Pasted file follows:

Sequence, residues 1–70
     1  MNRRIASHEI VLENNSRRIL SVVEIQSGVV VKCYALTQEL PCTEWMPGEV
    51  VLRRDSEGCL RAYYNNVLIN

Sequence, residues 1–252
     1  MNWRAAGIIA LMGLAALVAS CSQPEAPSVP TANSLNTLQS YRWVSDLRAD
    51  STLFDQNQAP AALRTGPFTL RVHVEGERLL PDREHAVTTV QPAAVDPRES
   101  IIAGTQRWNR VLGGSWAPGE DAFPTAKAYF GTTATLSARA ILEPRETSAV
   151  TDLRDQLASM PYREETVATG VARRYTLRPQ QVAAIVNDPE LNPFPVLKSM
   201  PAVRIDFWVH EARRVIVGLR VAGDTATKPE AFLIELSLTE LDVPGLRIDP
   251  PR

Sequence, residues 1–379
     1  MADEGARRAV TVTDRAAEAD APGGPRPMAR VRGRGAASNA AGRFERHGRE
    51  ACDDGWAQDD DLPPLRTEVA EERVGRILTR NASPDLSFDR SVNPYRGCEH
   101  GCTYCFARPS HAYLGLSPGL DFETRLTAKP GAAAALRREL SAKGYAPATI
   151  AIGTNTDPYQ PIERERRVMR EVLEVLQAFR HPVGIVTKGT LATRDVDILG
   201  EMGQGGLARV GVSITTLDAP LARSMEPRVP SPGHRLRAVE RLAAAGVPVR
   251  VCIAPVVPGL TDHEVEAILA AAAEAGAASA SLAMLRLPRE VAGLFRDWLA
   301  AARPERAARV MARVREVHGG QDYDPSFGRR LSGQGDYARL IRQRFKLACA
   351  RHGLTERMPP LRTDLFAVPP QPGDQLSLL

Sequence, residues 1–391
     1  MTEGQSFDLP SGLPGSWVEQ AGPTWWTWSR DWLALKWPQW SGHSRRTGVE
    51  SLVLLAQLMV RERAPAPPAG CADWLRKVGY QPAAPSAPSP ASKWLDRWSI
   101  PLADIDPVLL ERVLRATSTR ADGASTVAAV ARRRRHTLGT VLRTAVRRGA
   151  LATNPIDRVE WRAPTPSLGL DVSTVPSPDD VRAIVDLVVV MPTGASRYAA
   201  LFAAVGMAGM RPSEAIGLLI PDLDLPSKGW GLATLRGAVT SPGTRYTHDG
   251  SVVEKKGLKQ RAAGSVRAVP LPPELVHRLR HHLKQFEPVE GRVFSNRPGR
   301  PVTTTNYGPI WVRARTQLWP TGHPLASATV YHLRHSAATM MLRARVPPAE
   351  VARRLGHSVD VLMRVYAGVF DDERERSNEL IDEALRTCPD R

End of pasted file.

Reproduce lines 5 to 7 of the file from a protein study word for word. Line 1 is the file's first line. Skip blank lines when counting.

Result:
     1  MNWRAAGIIA LMGLAALVAS CSQPEAPSVP TANSLNTLQS YRWVSDLRAD
    51  STLFDQNQAP AALRTGPFTL RVHVEGERLL PDREHAVTTV QPAAVDPRES
   101  IIAGTQRWNR VLGGSWAPGE DAFPTAKAYF GTTATLSARA ILEPRETSAV